The official rules keeper in the Senate Friday tossed a bucket of cold water on the Senate health bill by ruling that major parts of the legislation cannot be passed with a simple majority, but rather would require 60 votes. Republicans hold only 52 seats in the Senate.
Senate parliamentarian Elizabeth MacDonough advised that a super-majority is required for the temporary defunding of Planned Parenthood, abortion coverage restrictions to health plans purchased with tax credits and the requirement that people with breaks in coverage wait six months before they can purchase new plans.
The list released by Democrats on the Senate Budget Committee is the results of what is called the “Byrd Bath,” a process in which the Senate parliamentarian ensures that provisions of budget bills comply with the Byrd Rule, which requires that only matters directly pertaining to the budget are included. The rule is named for the late Sen. Robert Byrd (D-W.Va.).
(Story will be updated soon.)
This week at CBPP, we focused on health care, the federal budget and taxes, food assistance, the economy, poverty and inequality, family income support, and housing:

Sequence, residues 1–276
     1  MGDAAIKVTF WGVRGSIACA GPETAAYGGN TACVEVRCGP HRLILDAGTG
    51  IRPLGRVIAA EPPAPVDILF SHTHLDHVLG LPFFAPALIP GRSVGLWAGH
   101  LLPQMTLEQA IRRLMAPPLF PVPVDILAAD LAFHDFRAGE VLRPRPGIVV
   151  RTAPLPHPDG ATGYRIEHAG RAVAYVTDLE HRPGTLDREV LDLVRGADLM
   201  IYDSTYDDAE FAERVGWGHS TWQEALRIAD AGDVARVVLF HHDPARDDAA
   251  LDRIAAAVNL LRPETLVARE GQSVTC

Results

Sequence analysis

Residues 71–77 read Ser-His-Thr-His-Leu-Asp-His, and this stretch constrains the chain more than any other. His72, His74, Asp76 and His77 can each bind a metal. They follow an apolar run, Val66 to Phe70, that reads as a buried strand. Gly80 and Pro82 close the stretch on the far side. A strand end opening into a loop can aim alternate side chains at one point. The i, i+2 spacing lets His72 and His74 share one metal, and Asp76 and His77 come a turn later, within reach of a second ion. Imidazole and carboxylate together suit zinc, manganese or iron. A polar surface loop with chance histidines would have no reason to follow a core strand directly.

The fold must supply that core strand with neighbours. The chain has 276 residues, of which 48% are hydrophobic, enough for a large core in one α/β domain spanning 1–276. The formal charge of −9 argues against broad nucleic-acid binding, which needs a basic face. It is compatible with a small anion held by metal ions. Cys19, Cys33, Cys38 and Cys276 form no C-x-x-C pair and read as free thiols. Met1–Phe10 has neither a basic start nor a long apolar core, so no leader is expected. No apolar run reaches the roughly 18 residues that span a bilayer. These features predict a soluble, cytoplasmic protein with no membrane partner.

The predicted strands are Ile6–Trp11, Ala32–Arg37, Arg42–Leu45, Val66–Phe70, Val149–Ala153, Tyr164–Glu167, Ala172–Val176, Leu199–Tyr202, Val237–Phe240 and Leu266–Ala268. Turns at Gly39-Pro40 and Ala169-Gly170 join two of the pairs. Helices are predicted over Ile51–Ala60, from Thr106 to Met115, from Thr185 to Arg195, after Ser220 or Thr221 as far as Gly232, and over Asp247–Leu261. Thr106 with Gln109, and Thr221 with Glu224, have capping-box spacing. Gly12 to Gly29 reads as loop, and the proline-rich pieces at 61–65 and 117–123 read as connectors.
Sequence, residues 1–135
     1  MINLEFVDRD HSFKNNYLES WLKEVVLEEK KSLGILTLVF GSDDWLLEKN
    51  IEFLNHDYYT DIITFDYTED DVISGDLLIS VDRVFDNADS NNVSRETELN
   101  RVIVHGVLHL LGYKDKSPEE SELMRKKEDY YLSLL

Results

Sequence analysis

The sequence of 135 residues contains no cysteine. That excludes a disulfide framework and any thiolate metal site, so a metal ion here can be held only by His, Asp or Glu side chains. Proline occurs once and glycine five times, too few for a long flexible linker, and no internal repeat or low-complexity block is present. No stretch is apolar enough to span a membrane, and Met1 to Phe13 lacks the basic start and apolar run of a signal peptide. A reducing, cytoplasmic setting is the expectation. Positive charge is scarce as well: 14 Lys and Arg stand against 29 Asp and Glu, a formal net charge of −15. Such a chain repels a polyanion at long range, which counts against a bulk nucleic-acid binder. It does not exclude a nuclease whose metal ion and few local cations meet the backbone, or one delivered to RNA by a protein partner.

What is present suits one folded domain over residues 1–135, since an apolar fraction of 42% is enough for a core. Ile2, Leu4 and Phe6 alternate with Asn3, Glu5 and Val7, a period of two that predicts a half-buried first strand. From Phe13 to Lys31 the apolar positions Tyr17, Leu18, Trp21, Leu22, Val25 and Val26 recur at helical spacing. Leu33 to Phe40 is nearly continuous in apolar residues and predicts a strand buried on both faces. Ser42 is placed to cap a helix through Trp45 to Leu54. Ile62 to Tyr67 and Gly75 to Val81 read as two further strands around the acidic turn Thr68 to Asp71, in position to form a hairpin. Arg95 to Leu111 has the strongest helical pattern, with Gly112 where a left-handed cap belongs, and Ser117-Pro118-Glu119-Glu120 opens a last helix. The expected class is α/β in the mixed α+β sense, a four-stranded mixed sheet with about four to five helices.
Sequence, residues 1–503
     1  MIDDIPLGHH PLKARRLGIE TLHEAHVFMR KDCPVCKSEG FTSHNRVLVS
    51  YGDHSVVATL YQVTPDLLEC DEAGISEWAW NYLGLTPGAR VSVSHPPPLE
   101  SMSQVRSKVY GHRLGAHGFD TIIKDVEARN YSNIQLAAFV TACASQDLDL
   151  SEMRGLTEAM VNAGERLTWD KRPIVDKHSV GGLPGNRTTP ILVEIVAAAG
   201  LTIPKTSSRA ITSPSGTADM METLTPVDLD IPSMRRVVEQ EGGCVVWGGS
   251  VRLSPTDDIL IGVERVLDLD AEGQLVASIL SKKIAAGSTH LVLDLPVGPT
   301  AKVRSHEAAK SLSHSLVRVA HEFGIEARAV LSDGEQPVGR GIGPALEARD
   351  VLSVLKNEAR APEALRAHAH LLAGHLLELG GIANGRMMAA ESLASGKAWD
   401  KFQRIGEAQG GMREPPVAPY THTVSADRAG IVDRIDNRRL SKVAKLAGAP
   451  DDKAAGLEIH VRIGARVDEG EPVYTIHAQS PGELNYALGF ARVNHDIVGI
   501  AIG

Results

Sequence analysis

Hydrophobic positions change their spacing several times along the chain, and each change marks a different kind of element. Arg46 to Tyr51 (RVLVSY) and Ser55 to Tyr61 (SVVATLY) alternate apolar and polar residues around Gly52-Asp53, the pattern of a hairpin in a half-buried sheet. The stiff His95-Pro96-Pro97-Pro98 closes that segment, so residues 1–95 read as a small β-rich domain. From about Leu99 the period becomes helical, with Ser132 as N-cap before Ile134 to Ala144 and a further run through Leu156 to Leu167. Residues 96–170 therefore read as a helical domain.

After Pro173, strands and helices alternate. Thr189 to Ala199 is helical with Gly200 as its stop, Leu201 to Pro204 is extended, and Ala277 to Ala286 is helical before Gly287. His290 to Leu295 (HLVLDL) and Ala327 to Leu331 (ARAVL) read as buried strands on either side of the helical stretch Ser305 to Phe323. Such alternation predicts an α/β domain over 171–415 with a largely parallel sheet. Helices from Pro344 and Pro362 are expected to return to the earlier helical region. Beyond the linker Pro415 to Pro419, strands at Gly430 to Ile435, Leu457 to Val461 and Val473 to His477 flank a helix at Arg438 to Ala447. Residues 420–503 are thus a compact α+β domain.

As Senate Republicans continue to pursue a bill to repeal the Affordable Care Act (ACA), five points are central to the debate:
1) The latest Senate bill has the same core flaws as the previous versions that a number of Senate Republicans have said they can’t support.
Congressional Budget Office analysis of the revised Senate health bill shows that the latest changes to it don’t address any of its major flaws.
The 2018 budget resolution that the House Budget Committee approved this week would end Medicare’s guarantee of health coverage by converting the program to a premium support system. Overall, it would cut Medicare spending by $487 billion over the 2018-27 period, largely by shifting more health care costs to beneficiaries. President Trump’s budget, by contrast, would spare Medicare from cuts.
The Budget Committee’s description lists the following proposed changes in Medicare:
I was in Ithaca, N.Y. recently for a meeting of the Northeast Foreign Law Libraries Cooperative Group (NEFLLCG) hosted by Cornell University Law Library. This group meets semiannually to discuss collection development issues, new acquisitions, and ensure the law collections in the region sufficiently represent foreign jurisdictions.
Whenever I attend a conference or meeting, in addition to the subject matter, I look forward to visiting the library spaces of the host institutions. The focal point of Cornell’s law library is the Gould Reading Room, named in honor of Eleanor and Milton S. Gould.
Erin Corbelli takes three medications to treat high blood pressure, depression and an anxiety disorder. Her health plan covers her drugs and specialist visits, but Corbelli and her family must pay a $3,000 annual deductible before the plan starts picking up any of that tab.